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The Al's Beef combo - sausage and beef sandwich - will soon be clogging arteries and warming hearts on the West Coast. | Sun-Times file

It's about time the outside world finally realized what makes Chicago great and steals the secret ingredient - the beef sandwich.

Al's Beef, a Chicago institution for 75 years, is heading west - to San Jose, specifically. The San Jose Mercury News reports that a horde of Midwesterners has been clamoring for hot beef sandwiches for a while and Al's is finally succumbing to pressure:

The first California location will open in meat-loving San Jose on Monday, April 15, with plans for a major Southern California expansion next.

The secret recipe for what's often called one of the nation's top sandwiches was concocted in 1938 by Al Ferreri and his sister and brother-in-law, Frances and Chris Pacelli Sr. The shops stayed in the family until 1999, when longtime customer Dave Howey (not to worry; he's half-Italian) bought Al's to preserve this regional specialty.

"When you eat it here, it's going to be just like eating in Chicago," owner Dave Howey says. "The bread is crucial, or the sandwich will dissolve."

The rest of Al's roasted and encased meat specialties will be making the trip as well. So much for that California healthy cuisine thing. But Chicago gets Lagunitas Beer, so it's at least a fair trade. Though, really, you can't have one without the other.

wings_jan29.jpegBy Sun-Times business editor Polly Smith

Super Bowl foodies survived last year's purported bacon shortage. Now comes word there is a new shortage of food that sports fans hold near and dear: chicken wings. This news comes straight from the National Chicken Council in Washington, D.C. who said, via a press release:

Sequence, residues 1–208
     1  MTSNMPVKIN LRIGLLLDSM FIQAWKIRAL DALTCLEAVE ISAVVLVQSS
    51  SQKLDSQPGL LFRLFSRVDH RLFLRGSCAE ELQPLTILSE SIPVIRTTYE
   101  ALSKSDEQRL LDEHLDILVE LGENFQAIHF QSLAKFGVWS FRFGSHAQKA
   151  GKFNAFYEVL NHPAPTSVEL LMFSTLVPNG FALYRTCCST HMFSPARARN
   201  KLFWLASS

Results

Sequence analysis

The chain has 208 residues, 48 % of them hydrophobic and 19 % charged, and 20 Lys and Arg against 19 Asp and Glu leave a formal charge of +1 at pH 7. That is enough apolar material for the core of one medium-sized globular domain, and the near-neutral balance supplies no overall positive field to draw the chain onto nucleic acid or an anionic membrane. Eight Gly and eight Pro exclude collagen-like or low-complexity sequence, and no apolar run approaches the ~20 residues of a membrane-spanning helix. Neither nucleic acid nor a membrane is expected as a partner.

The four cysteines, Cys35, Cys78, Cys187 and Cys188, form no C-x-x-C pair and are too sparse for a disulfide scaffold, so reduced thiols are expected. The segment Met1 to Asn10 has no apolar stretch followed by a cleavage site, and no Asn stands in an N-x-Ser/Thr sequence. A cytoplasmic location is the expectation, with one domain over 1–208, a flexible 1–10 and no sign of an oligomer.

"Chicken companies produced about one percent fewer birds last year, due in large part to record high corn and feed prices," [council economist Bill] Roenigk said. "Corn makes up more than two-thirds of chicken feed and corn prices hit an all-time high in 2012, due to two reasons: last summer's drought and pressure from a federal government requirement that mandates 40 percent of our corn crop be turned into fuel in the form of ethanol. Simply put, less corn equals higher feed costs, which means fewer birds produced."

The Council also estimates 1.23 billion (yes, billion) chicken wings will be consumed over Super Bowl weekend with the decrease in chicken wings consumed standing at about 12.3 million fewer than last year (meaning Americans will also consume an estimated 1,156,200,000 fewer calories so at least there's a bright side). As the council points out, with fewer chickens, there are fewer wings but each chicken - of course - only has two wings. Supply can only be further hurt by McDonald's Inc.'s decision to add chicken wings to the menu at 500 Chicago area restaurants to test the market. The council makes no estimate on McD's influence.

Rubbing salt (or blue cheese) in the wound? The price of wings already is up 14 percent from a year ago.

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